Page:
First-Ever Coastal Bays Waterbird Status Report Created

OCEAN CITY — Audubon, Maryland-DC, in partnership with the Maryland Coastal Bays Program, will release the first-ever “Maryland Coastal Bays Colonial Waterbird and Islands Report” in downtown Ocean City, Saturday, April 27 from 4-5 p.m. at the Marina Deck restaurant. The event will take place during the 24th Annual Delmarva Birding Weekend and follows a two-hour birding tour in the bays behind Ocean City and Assateague. Local, state and federal elected leaders will be on hand for the release.

Audubon’s report summarizes the current status of colonial waterbirds and their nesting islands in Maryland’s Coastal Bays. Iconic species of terns and skimmers that define the essence of Ocean City and Assateague birdlife are in serious decline because the islands they depend on for nesting are rapidly eroding. In the past 25 years, more than 120 acres of islands have disappeared. Few of the islands that supported nesting colonies in 1985 remain today. Moreover, human-induced disturbance is also taking its toll on the birds.

Since 1985, black skimmers have declined by more than 95% in Maryland, and in the past 16 years, common terns have been reduced by 90% and royal terns by 78%. All three of these species are now listed as endangered by the State of Maryland.

Like skimmers and terns, wading birds, including herons, egrets and ibises, also suffer from island disturbance, erosion and sea level rise. As a result of these factors, more than 95% of all wading birds in the coastal bays now breed on just one island, South Point Spoils. The report includes information on their current status.

First Ever

An adult royal tern and juvenile are pictured on Assateague Island. File Photo

In the past, the coastal bays ecosystem was very dynamic with periodic breaches on Assateague Island and Ocean City providing new sand and sediment which naturally maintained islands in the bays. However, such breaches no longer occur, and eroding islands now simply disappear.

In 1998, the U.S. Army Corps of Engineers (USACE) completed the Ocean City Water Resources Study, which proposed using dredged material to restore nesting islands lost to erosion in the coastal bays. Nourishment of the state-owned Skimmer Island behind Ocean City near the Route 50 Bridge was a state-private partnership project undertaken annually from 2011 through 2014. Skimmer Island has not been nourished since 2014 and is quickly eroding away.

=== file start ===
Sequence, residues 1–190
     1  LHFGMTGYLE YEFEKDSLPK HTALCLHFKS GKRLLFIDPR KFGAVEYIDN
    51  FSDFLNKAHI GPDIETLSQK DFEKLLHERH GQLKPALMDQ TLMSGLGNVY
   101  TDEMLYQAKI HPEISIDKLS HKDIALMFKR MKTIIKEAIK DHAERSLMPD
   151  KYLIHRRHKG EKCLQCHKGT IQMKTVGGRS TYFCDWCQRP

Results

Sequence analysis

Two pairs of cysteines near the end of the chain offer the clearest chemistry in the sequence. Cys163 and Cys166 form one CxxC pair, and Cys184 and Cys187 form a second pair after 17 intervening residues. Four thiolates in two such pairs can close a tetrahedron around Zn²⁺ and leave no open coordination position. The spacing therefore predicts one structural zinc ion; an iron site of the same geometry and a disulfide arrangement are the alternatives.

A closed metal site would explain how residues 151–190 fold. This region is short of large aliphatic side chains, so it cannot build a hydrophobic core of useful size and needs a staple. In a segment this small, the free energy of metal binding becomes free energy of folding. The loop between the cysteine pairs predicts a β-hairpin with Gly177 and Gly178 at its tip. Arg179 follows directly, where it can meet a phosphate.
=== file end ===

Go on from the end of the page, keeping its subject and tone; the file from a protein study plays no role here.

From late 2014 through early 2016, the USACE did channel maintenance dredging that created or restored four islands in the coastal bays. Despite the best efforts of state and federal agencies, most of the rebuilt islands have again suffered from erosion and severe storms. At the event on Saturday, the Maryland Coastal Bays Program and the Audubon, Maryland-DC will outline their initiatives. To save these iconic species, substantial resources are needed, officials maintain.

To combat island loss, a coordinated effort is needed to identify more opportunities for rebuilding islands using dredge spoil from boating channels. Rebuilt islands and existing islands need to be protected from erosion without compromising the habitat conditions required by sand-nesting birds. The use of artificial nesting structures for island-nesting birds should also be explored.

To reduce human disturbance, agencies currently post nesting islands each summer with ‘No trespassing’ signs, and informational signs are placed at boat ramps and other public places to educate boaters not to disturb nesting birds. However, increased enforcement and more public education, especially of tourists, is needed.

To reduce the impact of depredation, control of owls or other birds of prey visiting the islands may need to be considered. Helping nesting birds to maintain large colonies can allow the birds to defend themselves from gulls. And creating additional nesting islands away from the Ocean City area would reduce predation impacts by spreading out breeding populations.